I am fairly new to MVC but not sure exactly which Redirect... replaces the standard redirect used in WebForms is the standard Response.Redirect()

For instance, I need to redirect to other pages in a couple of scenarios:

  1. WHen the user logs out (Forms signout in Action) I want to redirect to a login page.
  2. In a Controller or base Controller event e.g. Initialize, I want to redirect to another page (AbsoluteRootUrl + Controller + Action)

It seems that multiple redirects get called in some cases which causes errors, something to do with the fact a page is already being redirected? How can cancel the current request and just redirect?


The answer to this question (System.Web.Mvc.Controller Initialize) indicates that Initialize should not be used and OnActionExecuting should be used?

Any comments on why Initialize should not be used or why OnAuthorization is not a better option?

More Info:

This blog post (http://blog.wekeroad.com/blog/aspnet-mvc-securing-your-controller-actions/) indicates that OnActionExecuting is useful for authentication (as indicated in the link above) I guess adding this to that event in the base Controller class is fine as every page runs an Action in MVC so shouldn't make much difference and having the ability to redirect should be easier. This does make sense, but it also seems to make sense to me that things could be done in an event before this event and makes we question what those events are for? Will be giving OnActionExecuting a go..

  • What is this base controller initialize event you mentioned ? – Mahesh Velaga Apr 20 '10 at 17:12
  • @Mahesh Velaga: I have base Controller that overrides the Initialize Event ie protected override void Initialize(System.Web.Routing.RequestContext requestContext)...I have some security checks in there and need to redirect users based on those checks – Mark Redman Apr 20 '10 at 17:15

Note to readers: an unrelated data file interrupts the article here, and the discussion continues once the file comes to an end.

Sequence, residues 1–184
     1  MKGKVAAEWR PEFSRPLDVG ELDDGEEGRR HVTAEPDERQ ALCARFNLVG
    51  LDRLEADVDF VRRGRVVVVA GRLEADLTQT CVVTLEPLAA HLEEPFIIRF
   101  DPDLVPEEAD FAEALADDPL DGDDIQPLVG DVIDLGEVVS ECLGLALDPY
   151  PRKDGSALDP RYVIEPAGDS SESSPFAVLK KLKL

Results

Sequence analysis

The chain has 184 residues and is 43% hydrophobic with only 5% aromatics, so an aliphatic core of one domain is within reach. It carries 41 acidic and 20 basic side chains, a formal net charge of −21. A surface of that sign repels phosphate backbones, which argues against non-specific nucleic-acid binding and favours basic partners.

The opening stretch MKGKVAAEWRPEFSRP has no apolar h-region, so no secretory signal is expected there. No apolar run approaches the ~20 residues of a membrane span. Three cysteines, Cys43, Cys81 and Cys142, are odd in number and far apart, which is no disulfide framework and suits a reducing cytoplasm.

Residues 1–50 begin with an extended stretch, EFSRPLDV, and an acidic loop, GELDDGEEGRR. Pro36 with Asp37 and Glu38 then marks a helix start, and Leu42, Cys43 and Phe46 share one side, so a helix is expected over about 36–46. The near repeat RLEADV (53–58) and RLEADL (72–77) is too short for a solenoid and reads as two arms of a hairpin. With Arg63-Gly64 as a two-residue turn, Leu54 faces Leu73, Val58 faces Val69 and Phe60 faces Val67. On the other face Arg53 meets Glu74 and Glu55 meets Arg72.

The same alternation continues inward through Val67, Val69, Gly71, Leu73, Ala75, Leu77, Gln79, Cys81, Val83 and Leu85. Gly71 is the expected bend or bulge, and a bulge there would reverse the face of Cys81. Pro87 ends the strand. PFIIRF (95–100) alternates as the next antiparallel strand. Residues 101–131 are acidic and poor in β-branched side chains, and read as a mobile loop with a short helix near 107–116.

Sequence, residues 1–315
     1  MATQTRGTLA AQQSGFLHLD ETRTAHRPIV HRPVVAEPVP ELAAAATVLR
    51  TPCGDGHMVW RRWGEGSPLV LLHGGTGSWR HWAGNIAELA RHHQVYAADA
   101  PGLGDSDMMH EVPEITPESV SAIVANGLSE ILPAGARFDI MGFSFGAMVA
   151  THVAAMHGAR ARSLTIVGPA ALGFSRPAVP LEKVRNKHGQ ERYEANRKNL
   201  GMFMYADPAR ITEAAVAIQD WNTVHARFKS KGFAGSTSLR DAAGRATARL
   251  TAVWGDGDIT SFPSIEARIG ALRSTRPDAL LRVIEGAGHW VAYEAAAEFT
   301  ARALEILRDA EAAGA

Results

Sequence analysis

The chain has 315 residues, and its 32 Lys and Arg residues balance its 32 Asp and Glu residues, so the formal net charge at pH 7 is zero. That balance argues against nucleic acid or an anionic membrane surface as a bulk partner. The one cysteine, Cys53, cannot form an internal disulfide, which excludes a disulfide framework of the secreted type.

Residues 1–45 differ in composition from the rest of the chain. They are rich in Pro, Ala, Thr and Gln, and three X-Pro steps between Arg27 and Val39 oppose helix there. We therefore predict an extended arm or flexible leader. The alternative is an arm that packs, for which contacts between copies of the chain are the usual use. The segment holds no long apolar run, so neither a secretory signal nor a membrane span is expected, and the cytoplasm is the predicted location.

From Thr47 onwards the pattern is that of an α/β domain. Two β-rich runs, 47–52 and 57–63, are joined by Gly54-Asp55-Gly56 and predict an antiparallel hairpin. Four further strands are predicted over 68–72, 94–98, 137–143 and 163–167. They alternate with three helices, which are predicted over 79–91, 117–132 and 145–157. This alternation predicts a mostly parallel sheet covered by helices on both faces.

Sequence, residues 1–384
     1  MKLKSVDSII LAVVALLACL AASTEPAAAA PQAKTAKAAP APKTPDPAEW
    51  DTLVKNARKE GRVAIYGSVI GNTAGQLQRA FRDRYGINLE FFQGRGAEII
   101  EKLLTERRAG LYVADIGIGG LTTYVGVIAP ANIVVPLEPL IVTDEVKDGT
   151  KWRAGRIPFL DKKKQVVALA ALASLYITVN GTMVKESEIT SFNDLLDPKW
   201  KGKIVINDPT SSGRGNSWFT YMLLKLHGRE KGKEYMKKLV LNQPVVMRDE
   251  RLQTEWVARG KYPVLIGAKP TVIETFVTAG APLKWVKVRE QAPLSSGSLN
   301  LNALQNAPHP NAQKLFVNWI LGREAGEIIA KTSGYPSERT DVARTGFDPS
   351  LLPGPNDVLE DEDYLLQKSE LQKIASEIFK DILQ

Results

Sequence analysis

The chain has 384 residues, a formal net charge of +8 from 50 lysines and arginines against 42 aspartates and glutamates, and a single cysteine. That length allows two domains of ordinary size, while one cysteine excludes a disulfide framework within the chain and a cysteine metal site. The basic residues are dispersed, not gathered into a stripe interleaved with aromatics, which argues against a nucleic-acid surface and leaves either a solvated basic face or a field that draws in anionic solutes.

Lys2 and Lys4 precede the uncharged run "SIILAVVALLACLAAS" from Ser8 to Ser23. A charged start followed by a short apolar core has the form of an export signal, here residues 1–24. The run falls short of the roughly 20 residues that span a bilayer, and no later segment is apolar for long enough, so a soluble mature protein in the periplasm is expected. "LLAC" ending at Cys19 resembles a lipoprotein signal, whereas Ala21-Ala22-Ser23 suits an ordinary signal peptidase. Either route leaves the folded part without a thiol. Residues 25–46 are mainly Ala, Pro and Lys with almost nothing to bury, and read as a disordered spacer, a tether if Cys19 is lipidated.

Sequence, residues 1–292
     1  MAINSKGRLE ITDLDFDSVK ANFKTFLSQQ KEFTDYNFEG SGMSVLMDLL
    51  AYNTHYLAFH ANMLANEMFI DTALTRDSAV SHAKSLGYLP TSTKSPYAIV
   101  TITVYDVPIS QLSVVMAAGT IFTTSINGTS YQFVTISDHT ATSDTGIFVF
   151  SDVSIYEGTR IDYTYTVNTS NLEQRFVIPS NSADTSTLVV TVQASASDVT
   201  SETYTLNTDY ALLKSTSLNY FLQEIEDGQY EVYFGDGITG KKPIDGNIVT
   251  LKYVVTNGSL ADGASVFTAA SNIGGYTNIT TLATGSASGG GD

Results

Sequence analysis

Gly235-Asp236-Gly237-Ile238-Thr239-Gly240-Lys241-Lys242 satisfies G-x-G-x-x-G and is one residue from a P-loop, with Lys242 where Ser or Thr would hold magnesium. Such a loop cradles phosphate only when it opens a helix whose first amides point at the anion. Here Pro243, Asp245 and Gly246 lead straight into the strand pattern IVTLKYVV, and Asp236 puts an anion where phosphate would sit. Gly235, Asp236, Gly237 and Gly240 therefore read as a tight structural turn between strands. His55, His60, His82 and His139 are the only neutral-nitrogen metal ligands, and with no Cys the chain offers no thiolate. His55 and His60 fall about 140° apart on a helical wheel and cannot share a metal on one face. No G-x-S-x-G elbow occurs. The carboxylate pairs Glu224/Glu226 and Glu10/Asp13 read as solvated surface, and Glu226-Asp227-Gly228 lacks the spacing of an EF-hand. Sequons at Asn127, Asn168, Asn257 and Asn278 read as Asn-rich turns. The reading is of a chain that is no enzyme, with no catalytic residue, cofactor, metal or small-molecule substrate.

• Why not set some values in tempdata or viewdata and when u reach the controller action based on the value you can redirect using RedirectToAction? – Mahesh Velaga Apr 20 '10 at 17:17
  • I would prefer to have this in the base class, and not have to implement the redirect in every action in every controller... – Mark Redman Apr 20 '10 at 17:35

1) When the user logs out (Forms signout in Action) I want to redirect to a login page.

public ActionResult Logout() {
    //log out the user
    return RedirectToAction("Login");

2) In a Controller or base Controller event eg Initialze, I want to redirect to another page (AbsoluteRootUrl + Controller + Action)

Why would you want to redirect from a controller init?

the routing engine automatically handles requests that come in, if you mean you want to redirect from the index action on a controller simply do:

public ActionResult Index() {
    return RedirectToAction("whateverAction", "whateverController");
  • Might want to note that the first item is in the Account controller. – GalacticCowboy Apr 20 '10 at 18:47
  • I still think that using FormsAuthentication.RedirectToLoginPage() should be used instead of return RedirectToAction("Login"); – Artiom Chilaru Apr 20 '10 at 19:01
  • The Controller initialize event is detecting subdomains for a multi-tenancy, detecting subdomain changes and checking user authentication based on this is also done. – Mark Redman Apr 20 '10 at 19:04